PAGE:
A book all about cats? Whether you love them or not, this book will enlighten you about the complex issues surrounding these “cuddly killers.”

Cat Wars provides a case study on the impact of an invasive species on biodiversity, infectious diseases, and the ethical issues involved in sacrificing the well-being of one species for another. In so doing, this book could appeal to educators from a variety of backgrounds.

The authors begin with a history of the impact of pet-loving humans on the rise in the global free-ranging cat population. Domestic cats (Felis catus) are nonnative to many of the areas they inhabit. In fact, as the authors point out, domestic cats are on the “list of the world's 100 worst invasive alien species” (p. 21), as it is estimated that they have “contributed to or caused thirty-three (14 percent) of the 238 global reptile, bird, and mammal extinctions” (p. 20). The authors cite historical accounts and scientific studies regarding the impacts of cats on biodiversity. The exact number of animals killed by cats each year is difficult to estimate, as the number of free-ranging cats is unknown. The authors provide excellent examples of population modeling as they seek to quantify the impact. Educators will find that Cat Wars provides them with concrete and current examples of biodiversity, extinction, and population modeling to which students can easily relate.

In addition, the authors explore the domestic cat as “agents of disease” (p. 75). From the plague (Yersina pestis) to possible contributions to some cases of schizophrenia (Toxoplasma gondii), cats have been implicated in transmission of disease. While the authors provide a summary of the roles of cats in the transmission of the plague and rabies, they focus heavily on cats as the primary host of the protozoan Toxoplasma gondii. They discuss parasite-host interactions, parasite life cycles, predator-prey interactions, and public health. They investigate the possibility that T. gondii may manipulate the behavior of infected rats and mice, thereby overriding their innate aversion for the predator cat and increasing the likelihood of cat infection and, therefore, parasite survival. The book, and the studies cited within it, provide opportunities for educators to discuss infectious diseases and public health in the context of a subject with which students will already have some familiarity.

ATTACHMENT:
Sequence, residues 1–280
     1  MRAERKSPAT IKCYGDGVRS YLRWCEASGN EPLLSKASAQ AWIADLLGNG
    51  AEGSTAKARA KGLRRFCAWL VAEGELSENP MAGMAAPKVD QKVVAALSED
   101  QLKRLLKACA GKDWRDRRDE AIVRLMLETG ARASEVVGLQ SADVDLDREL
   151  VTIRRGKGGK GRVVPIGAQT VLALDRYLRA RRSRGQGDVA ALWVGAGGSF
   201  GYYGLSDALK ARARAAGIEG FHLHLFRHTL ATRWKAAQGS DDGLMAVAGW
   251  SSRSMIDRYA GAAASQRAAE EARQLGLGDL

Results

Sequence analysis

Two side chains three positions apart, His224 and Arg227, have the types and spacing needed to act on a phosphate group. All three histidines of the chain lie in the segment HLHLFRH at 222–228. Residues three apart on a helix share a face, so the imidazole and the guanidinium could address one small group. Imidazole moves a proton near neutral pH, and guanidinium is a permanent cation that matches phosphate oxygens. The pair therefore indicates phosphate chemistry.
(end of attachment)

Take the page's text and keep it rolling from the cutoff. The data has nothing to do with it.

Finally, the authors explore the controversy surrounding different strategies for controlling the exploding cat population worldwide and the devastating effects they are having on biodiversity, especially with regard to bird populations. The ethical dilemma of euthanasia as an option, as well as the less effective trap-neuter-return strategy, is discussed. In Cat Wars, the authors bring to life the real issues facing scientists and society when it comes to bioethics, preservation of species, and public health.